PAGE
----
This blog is part six of a six-part series on localization. Localization is a power-shifting process, where power is shifted to local actors to address development challenges. In this series, Social Impact unpacks its own experiences with localization and provides lessons learned for funders, peers, and partners.  

Committing to localization requires a rethinking of many standard ways of working in the development sector. For this reason, Social Impact (SI) embarked on a stocktaking process last year that involved (1) gathering information about where our work already shifts power to local actors, and (2) reflecting upon how we could be even more intentional and effective in doing so.  

SI’s yearlong stocktaking resulted in the elevation of localization as a companywide priority. We developed three Smart Rules,” which are simple practices SI staff can incorporate into their day-to-day work with the intention of improving and increasing localization. We also reviewed the support we offer to USAID and created a Localization Menu of Services to highlight the ways that SI can help the Agency achieve its two stated measures of success:  

  1. USAID will provide at least a quarter of all program funds directly to local partners by the end of FY2025.  
  2. USAID will take steps to ensure that by 2030, fifty percent of the Agency’s programming will place local communities in the lead to co-design a project, set priorities, drive implementation, and/or evaluate the impact of programs. 

Throughout the Program Cycle, SI can provide a range of services in support of USAID’s efforts to directly fund local partners and promote local leadership.  

In strategy, project, and activity design, for example, SI can support USAID by: 

  • Conducting participatory research, such as local systems mapping, stakeholder analysis, social network analysis, contextual analyses, or organizational capacity assessments, to help USAID design teams understand the local system and actors before engaging, identify potential partners, and align with existing local priorities (see an example of SI’s work from the Philippines)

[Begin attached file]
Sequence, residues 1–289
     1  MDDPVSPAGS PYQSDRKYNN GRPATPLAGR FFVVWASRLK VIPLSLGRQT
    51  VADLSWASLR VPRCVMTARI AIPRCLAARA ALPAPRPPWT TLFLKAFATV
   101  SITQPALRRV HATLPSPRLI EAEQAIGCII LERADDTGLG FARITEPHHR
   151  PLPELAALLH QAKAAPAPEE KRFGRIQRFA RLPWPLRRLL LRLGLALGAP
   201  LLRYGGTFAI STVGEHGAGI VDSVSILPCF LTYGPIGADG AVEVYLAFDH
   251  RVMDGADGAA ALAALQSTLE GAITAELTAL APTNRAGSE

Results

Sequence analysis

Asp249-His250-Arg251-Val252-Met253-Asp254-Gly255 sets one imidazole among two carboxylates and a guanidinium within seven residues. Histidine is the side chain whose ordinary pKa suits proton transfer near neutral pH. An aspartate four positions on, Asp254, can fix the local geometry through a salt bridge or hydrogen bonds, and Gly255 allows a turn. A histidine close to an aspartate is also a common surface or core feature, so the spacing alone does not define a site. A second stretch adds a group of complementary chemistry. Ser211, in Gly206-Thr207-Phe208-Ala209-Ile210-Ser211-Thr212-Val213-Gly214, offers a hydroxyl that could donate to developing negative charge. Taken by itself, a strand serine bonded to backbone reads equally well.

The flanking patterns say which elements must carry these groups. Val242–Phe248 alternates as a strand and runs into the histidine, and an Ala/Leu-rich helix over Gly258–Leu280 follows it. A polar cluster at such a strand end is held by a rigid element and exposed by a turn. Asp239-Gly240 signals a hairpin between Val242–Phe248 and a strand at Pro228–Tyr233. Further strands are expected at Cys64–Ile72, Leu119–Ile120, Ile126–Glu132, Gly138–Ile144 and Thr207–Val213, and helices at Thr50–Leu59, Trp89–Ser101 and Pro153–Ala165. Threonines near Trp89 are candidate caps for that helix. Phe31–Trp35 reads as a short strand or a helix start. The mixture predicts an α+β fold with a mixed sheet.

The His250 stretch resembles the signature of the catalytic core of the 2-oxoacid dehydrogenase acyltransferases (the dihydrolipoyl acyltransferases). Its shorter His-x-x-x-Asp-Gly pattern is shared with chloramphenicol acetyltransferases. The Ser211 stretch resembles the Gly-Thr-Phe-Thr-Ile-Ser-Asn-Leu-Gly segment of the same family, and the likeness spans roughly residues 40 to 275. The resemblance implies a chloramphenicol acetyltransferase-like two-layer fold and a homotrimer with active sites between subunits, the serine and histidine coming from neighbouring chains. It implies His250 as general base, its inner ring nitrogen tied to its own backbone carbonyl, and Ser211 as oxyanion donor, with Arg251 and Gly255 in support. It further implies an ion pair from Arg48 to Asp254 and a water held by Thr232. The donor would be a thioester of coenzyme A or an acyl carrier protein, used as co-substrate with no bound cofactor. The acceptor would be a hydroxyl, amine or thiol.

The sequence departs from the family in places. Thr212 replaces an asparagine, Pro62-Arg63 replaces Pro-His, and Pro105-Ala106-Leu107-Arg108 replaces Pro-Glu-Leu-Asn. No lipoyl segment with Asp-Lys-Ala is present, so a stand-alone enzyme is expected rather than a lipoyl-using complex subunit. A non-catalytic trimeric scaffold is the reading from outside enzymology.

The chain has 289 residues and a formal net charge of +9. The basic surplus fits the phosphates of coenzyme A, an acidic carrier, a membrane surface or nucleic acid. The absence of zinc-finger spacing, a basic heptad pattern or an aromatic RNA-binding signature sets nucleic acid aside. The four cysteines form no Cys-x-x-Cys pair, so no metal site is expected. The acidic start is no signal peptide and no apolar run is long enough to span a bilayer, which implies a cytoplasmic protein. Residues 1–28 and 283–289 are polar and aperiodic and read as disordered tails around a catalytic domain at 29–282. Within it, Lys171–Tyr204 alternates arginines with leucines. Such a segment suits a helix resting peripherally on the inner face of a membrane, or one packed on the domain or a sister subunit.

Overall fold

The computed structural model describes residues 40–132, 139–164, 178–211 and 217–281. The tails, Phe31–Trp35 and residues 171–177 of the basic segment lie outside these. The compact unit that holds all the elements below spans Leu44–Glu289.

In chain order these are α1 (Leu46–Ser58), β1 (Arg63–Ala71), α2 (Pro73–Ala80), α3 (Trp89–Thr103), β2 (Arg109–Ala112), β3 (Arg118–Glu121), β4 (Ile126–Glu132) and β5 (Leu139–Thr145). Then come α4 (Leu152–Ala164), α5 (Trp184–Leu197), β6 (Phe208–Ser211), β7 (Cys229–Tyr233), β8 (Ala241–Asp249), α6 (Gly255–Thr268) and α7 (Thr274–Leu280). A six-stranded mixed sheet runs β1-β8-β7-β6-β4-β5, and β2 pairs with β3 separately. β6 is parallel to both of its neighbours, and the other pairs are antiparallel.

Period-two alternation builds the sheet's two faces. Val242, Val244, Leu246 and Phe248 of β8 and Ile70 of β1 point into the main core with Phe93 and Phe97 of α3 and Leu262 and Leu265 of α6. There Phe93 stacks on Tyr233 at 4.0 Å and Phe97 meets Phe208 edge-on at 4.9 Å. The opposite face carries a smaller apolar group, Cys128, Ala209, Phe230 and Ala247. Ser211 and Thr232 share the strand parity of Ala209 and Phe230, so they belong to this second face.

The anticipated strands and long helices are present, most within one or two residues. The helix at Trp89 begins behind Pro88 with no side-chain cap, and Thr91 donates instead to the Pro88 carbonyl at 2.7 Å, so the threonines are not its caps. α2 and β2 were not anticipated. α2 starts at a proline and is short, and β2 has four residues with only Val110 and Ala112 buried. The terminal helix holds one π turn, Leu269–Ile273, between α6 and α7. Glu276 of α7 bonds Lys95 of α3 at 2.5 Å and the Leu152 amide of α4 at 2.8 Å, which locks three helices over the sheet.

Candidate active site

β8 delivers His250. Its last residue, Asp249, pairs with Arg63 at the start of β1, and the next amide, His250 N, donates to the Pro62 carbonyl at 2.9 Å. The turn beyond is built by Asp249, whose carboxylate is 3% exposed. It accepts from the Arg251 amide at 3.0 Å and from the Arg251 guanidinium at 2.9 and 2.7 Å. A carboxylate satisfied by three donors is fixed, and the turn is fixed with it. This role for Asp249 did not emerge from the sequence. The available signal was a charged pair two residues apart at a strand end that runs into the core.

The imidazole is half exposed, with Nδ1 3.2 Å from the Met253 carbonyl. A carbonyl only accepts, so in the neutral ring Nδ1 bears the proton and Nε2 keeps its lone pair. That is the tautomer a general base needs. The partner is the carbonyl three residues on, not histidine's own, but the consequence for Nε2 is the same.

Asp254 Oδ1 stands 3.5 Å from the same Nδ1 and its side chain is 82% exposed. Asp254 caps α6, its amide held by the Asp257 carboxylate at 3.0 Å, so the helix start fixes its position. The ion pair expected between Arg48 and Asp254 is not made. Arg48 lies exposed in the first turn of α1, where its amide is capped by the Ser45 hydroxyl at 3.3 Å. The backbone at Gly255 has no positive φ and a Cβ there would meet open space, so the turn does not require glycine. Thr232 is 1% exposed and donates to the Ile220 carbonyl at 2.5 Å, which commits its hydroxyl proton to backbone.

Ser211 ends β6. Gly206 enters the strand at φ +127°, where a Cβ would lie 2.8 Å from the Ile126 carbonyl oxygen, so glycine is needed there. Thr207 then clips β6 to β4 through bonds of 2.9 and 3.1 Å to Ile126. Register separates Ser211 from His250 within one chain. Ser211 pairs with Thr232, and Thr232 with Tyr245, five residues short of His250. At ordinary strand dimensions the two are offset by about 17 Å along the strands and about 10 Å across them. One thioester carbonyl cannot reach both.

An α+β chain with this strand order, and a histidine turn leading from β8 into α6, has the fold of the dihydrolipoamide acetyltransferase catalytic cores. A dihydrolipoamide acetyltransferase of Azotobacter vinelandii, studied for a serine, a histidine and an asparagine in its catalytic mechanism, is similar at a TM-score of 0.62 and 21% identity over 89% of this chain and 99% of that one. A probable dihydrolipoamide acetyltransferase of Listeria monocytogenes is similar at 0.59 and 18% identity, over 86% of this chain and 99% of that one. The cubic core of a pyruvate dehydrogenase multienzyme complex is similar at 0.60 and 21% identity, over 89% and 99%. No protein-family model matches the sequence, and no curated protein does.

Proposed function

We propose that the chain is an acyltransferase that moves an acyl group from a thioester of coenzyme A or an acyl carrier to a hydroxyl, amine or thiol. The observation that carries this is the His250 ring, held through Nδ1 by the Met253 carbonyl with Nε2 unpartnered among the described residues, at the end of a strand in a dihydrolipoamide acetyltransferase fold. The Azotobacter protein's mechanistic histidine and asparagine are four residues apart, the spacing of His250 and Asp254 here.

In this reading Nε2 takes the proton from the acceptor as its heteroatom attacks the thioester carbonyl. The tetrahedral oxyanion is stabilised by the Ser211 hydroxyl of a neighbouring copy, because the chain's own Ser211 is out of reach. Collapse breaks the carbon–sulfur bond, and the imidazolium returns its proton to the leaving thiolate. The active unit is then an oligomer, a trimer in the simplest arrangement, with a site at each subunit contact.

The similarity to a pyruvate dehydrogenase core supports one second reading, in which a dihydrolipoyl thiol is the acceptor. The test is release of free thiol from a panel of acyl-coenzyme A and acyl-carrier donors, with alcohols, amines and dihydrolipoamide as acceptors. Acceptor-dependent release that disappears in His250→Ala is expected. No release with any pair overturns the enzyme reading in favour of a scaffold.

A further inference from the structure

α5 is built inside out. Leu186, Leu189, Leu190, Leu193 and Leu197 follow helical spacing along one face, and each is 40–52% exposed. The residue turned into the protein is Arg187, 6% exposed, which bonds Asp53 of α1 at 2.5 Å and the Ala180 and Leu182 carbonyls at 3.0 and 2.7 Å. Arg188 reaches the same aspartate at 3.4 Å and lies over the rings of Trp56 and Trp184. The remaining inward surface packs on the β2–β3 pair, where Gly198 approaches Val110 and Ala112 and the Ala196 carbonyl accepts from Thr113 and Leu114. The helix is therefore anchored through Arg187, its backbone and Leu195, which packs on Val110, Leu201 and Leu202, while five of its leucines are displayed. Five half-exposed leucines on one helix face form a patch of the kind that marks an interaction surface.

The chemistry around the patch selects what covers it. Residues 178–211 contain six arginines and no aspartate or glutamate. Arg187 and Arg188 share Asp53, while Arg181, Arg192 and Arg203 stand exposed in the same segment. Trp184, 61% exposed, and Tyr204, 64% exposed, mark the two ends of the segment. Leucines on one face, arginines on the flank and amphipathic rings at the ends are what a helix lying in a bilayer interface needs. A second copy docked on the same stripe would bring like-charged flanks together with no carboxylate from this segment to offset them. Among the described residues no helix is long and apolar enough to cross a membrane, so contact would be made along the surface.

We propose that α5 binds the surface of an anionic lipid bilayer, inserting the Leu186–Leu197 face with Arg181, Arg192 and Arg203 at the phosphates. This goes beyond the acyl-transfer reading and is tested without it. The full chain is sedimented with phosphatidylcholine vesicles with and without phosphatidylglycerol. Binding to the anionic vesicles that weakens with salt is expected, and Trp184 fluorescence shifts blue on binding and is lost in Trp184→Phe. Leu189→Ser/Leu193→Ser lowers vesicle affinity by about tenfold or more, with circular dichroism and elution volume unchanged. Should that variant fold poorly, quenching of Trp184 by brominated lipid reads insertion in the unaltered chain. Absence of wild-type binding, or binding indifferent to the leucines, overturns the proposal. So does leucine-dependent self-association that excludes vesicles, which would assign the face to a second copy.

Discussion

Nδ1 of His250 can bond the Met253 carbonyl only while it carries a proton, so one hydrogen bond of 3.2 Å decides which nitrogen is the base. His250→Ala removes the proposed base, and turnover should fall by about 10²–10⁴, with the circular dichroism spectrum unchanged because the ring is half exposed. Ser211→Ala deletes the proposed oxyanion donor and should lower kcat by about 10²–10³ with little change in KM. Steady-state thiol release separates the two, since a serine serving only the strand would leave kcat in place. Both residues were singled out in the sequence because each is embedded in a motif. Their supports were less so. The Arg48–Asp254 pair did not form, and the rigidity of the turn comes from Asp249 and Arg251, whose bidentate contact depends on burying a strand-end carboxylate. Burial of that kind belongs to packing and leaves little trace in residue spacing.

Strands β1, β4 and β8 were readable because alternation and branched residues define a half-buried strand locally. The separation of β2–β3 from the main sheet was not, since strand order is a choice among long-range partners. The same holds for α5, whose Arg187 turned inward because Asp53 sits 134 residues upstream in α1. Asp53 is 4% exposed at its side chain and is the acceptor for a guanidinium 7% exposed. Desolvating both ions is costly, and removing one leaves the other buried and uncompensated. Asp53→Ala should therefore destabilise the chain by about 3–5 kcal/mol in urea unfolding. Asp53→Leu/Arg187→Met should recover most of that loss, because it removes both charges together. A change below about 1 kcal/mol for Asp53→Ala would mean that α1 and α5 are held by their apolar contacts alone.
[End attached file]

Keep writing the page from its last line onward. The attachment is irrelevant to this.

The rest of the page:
• Facilitating multi-stakeholder processes to reach agreement on key objectives and co-create designs or theories of change so that local actors and USAID staff can set priorities and reach consensus on design elements (see examples from SI’s work in Vietnam and Ethiopia) 

As part of activity implementation, SI’s services include: 

  • Facilitating learning communities of local partners (and those not yet partnered with USAID), encouraging them to reflect on their implementation, connect with other partners working on similar issues, and promote cooperation over competition (see an example from SI’s work in Mexico) 

SI offers many services related to MEL and CLA, including: 

  • Facilitating the co-creation of performance monitoring plans and evaluation scopes between USAID and local partners (see an example from SI’s work in Vietnam) 
  • Helping USAID monitor, evaluate, assess, and/or learn from localization efforts and identify key determinants for progress, enabling USAID to adapt approaches to facilitate more effective localization (see examples from SI’s work with USAID Missions) 
  • Identifying local MEL firms and build their capacity to offer services that meet market demand (beyond USAID), eventually increasing the amount of funding going directly to local MEL firms (see an example from SI’s work with local firms on third party monitoring) 

For more information about these and other services SI can provide, please consult our Localization Menu of Services or contact Laura Ahearn ( or Brooke Hill ( 



An anthropologist by training, Dr. Laura Ahearn is a Senior Technical Director in Social Impact’s Strategy, Performance, and Learning Division. In her work developing and managing MEL and CLA activities, she has designed and led a range of international research projects focusing on evidence utilization, local leadership, and learning.